Trailer Hitch for June 5, 2003
By Zach Kolkin
Please, just make it go away.
This new preview for the worst-named film of the summer is just as
unexciting as its predecessors. The biggest problem is obviously the
lack of Vin Diesel. Paul Walker and Tyrese appear to have less charisma
combined than Vin Diesel's big toe. The car scenes in the sequel also
seem quite similar to those of the first movie; it would have been nice
to see something a little different and unique. From the start, this
film has seemed like a pale imitation of the original, and the previews
for the movie have not yet done anything to change that impression.
Coming straight out of the Cast Away school of trailer-making is this
latest preview for the feel-good flick Seabiscuit. Could we possibly
find out any more about this film's plotline in three minutes? Perhaps
the creators felt that since the movie is based on a true story,
it would not be a problem to give away too much of the film, since it's
all history anyway. However, this is not a story well-known to many,
and thus this preview, rather than enticing me to see the full-length
film, leaves me feeling like there's no point. Chris Cooper looks to be
the one high point in this cast, whose performances otherwise appear to
be rather dull and uninspired. For a movie with such potential, this
trailer is a big disappointment.
What is it about high-school football that makes it such a good setting
for heartwarming tearjerkers that are inevitably based on a true story?
Radio follows in the footsteps of such films as Remember the Titans,
casting Cuba Gooding, Jr. as a young mentally-retarded man who is given
an opportunity to play on the football team for his local high school.
I see this movie as nothing more than a load of over-sentimental hooey,
but judging by the huge popularity of earlier films in a similar vein
(again, Remember the Titans is the first thing to spring to mind),
apparently this kind of stuff is big with a lot of folks. With that in
mind, I would imagine that this preview will be quite effective, as it
does do an excellent job of selling its sentimentality.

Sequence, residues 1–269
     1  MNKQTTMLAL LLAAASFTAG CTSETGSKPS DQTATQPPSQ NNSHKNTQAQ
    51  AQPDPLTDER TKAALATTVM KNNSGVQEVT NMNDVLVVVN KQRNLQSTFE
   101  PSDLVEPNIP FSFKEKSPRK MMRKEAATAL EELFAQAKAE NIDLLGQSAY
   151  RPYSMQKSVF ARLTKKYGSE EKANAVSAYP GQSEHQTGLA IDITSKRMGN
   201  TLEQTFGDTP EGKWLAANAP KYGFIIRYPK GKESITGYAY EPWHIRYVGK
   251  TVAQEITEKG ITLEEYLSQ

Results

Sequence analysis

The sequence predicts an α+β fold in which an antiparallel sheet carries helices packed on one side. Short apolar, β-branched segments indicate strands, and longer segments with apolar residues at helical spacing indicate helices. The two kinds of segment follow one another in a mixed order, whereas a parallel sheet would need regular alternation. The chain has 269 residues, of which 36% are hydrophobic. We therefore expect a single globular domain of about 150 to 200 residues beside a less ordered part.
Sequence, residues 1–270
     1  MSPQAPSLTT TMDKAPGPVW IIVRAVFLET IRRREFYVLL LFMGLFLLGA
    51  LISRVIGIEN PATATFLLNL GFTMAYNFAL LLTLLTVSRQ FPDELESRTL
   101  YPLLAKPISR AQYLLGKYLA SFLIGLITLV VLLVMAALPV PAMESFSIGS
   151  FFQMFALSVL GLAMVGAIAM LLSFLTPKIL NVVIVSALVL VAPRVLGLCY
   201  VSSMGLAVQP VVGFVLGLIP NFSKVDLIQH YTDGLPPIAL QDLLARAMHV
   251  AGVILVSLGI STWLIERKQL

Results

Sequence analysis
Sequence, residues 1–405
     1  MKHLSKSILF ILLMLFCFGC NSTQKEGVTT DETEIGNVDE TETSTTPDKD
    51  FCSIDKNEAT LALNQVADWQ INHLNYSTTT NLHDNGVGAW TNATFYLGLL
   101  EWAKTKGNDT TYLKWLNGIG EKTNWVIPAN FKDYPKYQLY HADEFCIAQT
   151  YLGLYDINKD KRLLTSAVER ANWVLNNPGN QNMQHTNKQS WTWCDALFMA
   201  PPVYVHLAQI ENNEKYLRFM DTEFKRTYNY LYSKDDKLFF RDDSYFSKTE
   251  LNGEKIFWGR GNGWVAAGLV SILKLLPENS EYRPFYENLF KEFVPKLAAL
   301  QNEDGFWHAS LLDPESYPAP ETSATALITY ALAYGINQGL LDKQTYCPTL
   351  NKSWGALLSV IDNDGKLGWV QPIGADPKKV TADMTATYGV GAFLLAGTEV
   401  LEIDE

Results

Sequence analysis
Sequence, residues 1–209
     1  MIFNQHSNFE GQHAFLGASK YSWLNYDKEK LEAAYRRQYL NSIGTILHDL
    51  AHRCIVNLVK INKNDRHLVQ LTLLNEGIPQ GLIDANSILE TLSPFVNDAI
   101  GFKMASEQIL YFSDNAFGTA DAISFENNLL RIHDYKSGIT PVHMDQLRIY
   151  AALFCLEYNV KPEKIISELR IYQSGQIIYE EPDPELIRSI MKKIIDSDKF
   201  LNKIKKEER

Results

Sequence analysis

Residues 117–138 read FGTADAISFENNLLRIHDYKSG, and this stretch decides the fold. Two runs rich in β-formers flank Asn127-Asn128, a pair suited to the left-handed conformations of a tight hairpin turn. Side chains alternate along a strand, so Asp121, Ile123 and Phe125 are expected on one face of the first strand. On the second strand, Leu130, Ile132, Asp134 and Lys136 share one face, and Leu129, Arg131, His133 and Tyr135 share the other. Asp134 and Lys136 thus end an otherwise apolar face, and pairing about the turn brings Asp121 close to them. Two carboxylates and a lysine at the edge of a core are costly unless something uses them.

Heath Ledger stars here in perhaps his first 'grown-up' role, as a
priest investigating a series of mysterious deaths that all seem to have
some sort of religious significance. Religion and the occult have
proven to be quite popular themes for suspense movies in the past few
years, and this film seems to carry on the torch of those movies.
Despite the overly ridiculous tagline and Ledger's Mulder-esque pose at
the end of the trailer, this movie actually looks surprisingly decent.
The mystery of the story is built up appropriately, and the preview
exudes darkness, both literal and figurative, with its visuals and
musical scoring. Though this film is surely not going to interest
everyone, I would imagine that it will get quite a good reaction playing
in front of the numerous horror films being released this summer.
Disney's latest traditionally-animated offering hits theaters this
November, featuring a story that feels a lot more like one of the
classic animated children's movies of decades gone by than many of their
more recent offerings. Whether or not this type of story will appeal to
today's audiences remains to be seen, although Disney appears to be
hedging their bets by adding some humor to the trailer in the form of
two moose with Canadian accents. Although this alone is enough to
elicit a chuckle or two, the banter between the two that closes the ad
is absolutely hysterical. One can only hope that the comic relief in
the actual movie is as good as this. One thing's for certain: whenever
I hear a voiceover that includes the phrase "If you see one movie this